Iraq, the crossroads
When Nina was launched, readers were promised that they would find the voices of Iraqi women everywhere in our pages. Whether they were from inside or outside Iraq, Nina would ensure that these voices would be heard. By creating a platform where our mothers, wives, sisters and daughters are able to express their opinions transparently, honestly and without fear, Nina aims to change the dialogue one story at a time – from victim to survivor for example. Each painful experience and problem is reminder of rights which have been removed, with the individual, personal journeys shared in Nina looking backwards and forwards in time with honesty, strength and ultimately hope. We have created the My Story section to allow Nina to be the means of communication and indeed the bridge for Iraqi women to reach safe shores. As the ‘Spirit of Enterprise and the Heart of Iraq’ Nina allows us all to work together. Our first and ultimate goal is, and will always be, to create a better future for our precious country, Iraq.
By providing this platform Nina also offers a way for each individual voice to reach out to people in positions of authority. At the very least, by allowing people to express themselves freely, Nina offers a space to for emotional release, creating a forum to express hardships as well as successful experiences. In this way our magazine works towards reducing the amount of pain Iraqi women feel – all while supporting them (albeit in a small way), by showcasing business opportunities and educational tools.
Amal means hope in Arabic – it is therefore fitting that this introduction is linked to Amal Al Shamri’s story. You will see she has lost hope. Her painful experiences are shared in her story, The Unknown Future, which you can read below. Amal had no choice but to leave Iraq years ago to save the lives of her family. In her sixties now, this former head of the Iraqi delegation to an Eastern European country, is now an immigrant. As part of the diaspora she feels alienated, a stranger in a strange land.
It is our dearest wish that Amal is restored from being hopeless to hopeful. Sharing her story in Nina is a step towards this as well as a symbol for all of us. The story we have edited below summarizes what she sent. Nina’s pages are insufficient to embrace the story and suffering of Amal, but maybe you, as readers, can help complete her journey.
We believe that by publishing this we are demonstrating to Amal that Iraq has undoubtedly changed for the better. The fact that we are publishing her article transparently and without hesitation bears testament to this. Just a few years ago, Iraqi citizens were not even enjoying their most basic rights, such as the freedom of expression. In publishing her story, we are trying to assure Amal and others like her that Iraq was and will be loyal to her.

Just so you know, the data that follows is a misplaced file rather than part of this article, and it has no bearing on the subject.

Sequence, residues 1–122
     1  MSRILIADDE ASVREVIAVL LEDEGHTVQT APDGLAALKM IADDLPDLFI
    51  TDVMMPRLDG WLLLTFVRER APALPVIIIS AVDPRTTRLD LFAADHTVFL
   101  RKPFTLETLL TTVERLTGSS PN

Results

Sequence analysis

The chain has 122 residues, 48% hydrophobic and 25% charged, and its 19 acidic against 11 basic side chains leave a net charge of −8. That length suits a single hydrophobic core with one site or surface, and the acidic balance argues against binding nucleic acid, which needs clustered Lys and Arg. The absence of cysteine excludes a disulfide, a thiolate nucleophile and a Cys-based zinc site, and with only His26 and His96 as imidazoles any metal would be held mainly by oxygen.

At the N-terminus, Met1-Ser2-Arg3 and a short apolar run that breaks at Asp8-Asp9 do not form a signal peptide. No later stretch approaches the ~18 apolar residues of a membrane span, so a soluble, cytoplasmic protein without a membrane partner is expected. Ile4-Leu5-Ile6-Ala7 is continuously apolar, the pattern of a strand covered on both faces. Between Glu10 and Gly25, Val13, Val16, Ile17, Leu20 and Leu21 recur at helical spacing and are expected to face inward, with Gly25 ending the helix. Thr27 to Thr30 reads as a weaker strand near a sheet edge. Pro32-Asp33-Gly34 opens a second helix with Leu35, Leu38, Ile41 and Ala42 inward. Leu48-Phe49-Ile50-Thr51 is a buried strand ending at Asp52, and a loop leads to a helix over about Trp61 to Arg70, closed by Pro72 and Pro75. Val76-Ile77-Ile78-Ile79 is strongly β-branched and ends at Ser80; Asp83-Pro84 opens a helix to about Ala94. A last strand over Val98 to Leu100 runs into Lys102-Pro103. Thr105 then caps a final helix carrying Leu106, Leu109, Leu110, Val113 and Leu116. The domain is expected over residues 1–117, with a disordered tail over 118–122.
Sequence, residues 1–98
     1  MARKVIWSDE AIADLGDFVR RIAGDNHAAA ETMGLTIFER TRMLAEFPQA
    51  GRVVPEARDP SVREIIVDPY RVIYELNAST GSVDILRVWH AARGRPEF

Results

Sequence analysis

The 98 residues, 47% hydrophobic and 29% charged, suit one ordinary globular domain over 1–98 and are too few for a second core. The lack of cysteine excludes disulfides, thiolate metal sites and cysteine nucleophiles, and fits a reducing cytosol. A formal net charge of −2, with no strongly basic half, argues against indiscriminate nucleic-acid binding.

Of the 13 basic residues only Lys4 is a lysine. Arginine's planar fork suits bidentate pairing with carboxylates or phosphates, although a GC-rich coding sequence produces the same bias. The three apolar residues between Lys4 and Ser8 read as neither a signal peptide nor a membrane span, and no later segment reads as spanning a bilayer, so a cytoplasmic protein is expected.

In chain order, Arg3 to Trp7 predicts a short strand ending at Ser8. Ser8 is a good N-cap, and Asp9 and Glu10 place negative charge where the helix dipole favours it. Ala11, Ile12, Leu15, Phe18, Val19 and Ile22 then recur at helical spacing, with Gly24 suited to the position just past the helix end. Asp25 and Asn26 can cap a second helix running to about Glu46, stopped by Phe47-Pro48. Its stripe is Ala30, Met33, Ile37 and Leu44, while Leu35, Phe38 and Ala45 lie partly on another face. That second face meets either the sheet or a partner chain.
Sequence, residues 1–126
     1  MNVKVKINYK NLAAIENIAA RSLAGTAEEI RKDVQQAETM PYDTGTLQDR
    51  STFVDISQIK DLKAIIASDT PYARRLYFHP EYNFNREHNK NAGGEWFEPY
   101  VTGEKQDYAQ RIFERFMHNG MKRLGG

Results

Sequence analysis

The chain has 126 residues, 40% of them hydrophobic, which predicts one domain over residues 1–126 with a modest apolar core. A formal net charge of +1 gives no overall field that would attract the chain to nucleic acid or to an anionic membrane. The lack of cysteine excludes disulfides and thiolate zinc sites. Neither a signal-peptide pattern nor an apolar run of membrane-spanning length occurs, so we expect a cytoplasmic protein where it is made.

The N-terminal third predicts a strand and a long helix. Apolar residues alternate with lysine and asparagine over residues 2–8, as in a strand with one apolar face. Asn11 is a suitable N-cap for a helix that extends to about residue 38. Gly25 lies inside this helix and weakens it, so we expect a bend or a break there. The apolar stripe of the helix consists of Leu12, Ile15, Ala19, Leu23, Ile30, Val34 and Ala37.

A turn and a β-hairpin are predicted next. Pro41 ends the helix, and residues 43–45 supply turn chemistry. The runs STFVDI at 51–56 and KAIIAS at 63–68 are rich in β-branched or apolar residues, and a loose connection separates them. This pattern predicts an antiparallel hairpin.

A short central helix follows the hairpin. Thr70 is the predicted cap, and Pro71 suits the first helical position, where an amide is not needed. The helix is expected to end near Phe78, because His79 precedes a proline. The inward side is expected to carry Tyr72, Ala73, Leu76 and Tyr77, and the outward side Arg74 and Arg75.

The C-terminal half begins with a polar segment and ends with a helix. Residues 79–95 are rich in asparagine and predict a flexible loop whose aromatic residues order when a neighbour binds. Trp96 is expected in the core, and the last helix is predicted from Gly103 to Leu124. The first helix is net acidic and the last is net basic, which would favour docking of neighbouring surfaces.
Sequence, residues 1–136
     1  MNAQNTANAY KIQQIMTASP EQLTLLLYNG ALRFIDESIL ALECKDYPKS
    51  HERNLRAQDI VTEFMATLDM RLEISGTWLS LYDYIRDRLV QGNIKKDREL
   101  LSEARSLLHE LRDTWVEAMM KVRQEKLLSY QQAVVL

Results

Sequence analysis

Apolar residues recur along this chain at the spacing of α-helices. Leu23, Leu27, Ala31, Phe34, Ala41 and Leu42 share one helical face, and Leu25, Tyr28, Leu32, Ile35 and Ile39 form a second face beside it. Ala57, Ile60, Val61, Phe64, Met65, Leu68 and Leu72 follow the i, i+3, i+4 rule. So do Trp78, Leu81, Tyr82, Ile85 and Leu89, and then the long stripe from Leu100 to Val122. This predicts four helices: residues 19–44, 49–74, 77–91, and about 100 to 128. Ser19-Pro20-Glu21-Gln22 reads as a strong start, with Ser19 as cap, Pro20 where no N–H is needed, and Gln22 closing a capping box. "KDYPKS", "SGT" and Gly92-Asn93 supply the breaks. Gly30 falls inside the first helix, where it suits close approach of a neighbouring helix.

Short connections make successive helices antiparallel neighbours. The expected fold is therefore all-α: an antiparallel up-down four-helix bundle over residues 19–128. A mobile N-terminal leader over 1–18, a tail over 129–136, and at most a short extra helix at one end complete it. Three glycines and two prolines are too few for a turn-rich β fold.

Amal Al Shamri writes for nina-iraq.com
The Unknown Future
By Amal Al-Shamri, Immigrant from Iraq
Amal writes this story as a cry for her country and her life, in her eyes much of both have been lost. She explores a “better future” and whether it is possible to remain loyal to the memory of the Iraq, whilst building this future. Her questions will resonate with all of us. Where is this road we are on leading us to? Is there an end in sight for the hardship experienced by thousands of Iraqi refugees and when will that be…?
I can still remember the a optimism and aspirations for a better Iraq following 2003. We were hoping to move beyond a dark chapter in our country; the result of war, economic sanctions and siege. Despite the destruction and theft of archaeological remains, banks, official departments, hospitals etc during the events of 2003, we were still hoping for a better future and dreaming of a new chapter in Iraq’s history. We wanted the rule of law as well as economic, scientific, cultural and other areas of advancement to prevail. Being aware of the fact that it would take a long while to realize that dream, we were still ready to wait and contribute to rebuilding our country in order to achieve a bright future.
However, significant corruption meant that our national security was non-existent. Killing and kidnapping incidents started to occur on a daily basis and horror and anxiety became prevalent in our lives. We used to leave the house with no guarantee of a safe return, and we closed our doors early as we feared criminal gangs. Despite all this, we still had hope inside our souls that these events were only casual incidents. We believed that justice would take its course, with safety and security returning to our country in due course. However, the incidents escalated and worsened. In 2006 a group of criminals bombed two sacred shrines in Samarra. This incident was manipulated by enemies of Iraq, and criminals from all sides started random killings. Our family, like all families in Iraq, lost over 10 innocent people as a result.